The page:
I work at Monte Bello. Accordingly, much of my material for this blog has, as its point-of-origin, the mountain.
That said, my colleagues to the north — at Lytton Springs — are wonderful about feeding me images, videos, and stories.
Given that the teachers/tutors/mentors I am most regularly in contact with, however, are at Monte Bello, the resulting peculiarity is that I am often relying on Monte Bello talent to helps expand on Lytton Springs content!
So this time around, I’m going to flip the paradigm; I’m going to share some Monte Bello content, with some Lytton Springs comment!
The subject of “pump-overs” came up recently on our Facebook page, and in the interest of expanding on the topic, here’s a bit of perspective from John Olney (our Lytton Springs winemaker), followed by a quick and hopefully informative bit of video footage of a pump-over in action at Monte Bello.
With few exceptions, all grape juice is clear. All the color and structure in a red wine comes from the grapes and seeds. Therefore, to make red wine, the clear juice must make contact, or macerate, with the skins and seeds. To accomplish this, we carry out pump-overs twice daily. During a pump-over, the juice is pumped from the bottom of the tank over the floating cap of skins and seeds above.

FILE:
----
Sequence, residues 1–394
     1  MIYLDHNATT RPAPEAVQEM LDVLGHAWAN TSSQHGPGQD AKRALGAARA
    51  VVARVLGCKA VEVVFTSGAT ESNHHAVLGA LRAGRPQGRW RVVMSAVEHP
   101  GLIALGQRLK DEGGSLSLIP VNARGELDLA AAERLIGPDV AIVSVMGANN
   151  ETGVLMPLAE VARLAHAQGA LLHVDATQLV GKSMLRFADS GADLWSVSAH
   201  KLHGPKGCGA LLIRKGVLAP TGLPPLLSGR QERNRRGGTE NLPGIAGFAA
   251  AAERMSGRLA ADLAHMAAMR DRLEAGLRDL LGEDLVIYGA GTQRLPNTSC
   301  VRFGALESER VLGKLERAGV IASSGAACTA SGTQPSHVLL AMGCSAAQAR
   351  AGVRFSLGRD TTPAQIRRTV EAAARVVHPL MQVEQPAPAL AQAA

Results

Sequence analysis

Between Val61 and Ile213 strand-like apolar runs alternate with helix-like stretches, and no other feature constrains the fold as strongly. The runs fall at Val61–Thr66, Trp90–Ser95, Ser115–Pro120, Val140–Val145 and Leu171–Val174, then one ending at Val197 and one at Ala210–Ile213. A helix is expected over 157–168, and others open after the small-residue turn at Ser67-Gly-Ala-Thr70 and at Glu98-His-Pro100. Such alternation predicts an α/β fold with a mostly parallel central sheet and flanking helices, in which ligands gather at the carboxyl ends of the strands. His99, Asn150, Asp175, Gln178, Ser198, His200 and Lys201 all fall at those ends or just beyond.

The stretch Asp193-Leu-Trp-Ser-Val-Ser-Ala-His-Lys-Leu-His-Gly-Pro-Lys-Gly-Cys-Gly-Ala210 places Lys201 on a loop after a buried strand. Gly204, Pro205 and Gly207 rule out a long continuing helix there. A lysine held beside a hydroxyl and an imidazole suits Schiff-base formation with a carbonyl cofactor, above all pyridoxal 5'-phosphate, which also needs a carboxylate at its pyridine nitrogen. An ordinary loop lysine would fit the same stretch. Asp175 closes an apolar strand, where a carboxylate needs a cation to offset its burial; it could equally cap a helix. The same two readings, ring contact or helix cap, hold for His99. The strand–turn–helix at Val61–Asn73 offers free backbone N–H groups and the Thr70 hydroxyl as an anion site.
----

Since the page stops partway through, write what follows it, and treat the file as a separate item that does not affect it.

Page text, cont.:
A pump-over serves two functions:
*First, it is the primary means by which phenolic compounds are extracted from the skins and seeds. Phenolic compounds include all those components of color, tannin, and aroma that make red wine red wine.
*Second, pump-overs introduce oxygen – critical to the survival and function of the yeast – into the fermenting must.
Additionally, pump-overs help regulate the temperature of the fermentation by mixing the cooler juice at the bottom of the tank with the cap of skins above where heat is trapped and builds up.
Video of a pump-over in action:
Sam Howles-Banerji began his tenure at Ridge Vineyards as a Harvest Intern. He is now a treasured full-time member of the Monte Bello Retail Sales & Hospitality Staff …
you can take the intern out of the winery
… and t is to Sam we owe a debt of gratitude for the great imagery in this post (and to Eric Baugher, Shun Ishikubo, and the whole Monte Bello winemaking team!).
In addition to the video footage above, dig this remarkable compendium of pump-over pics: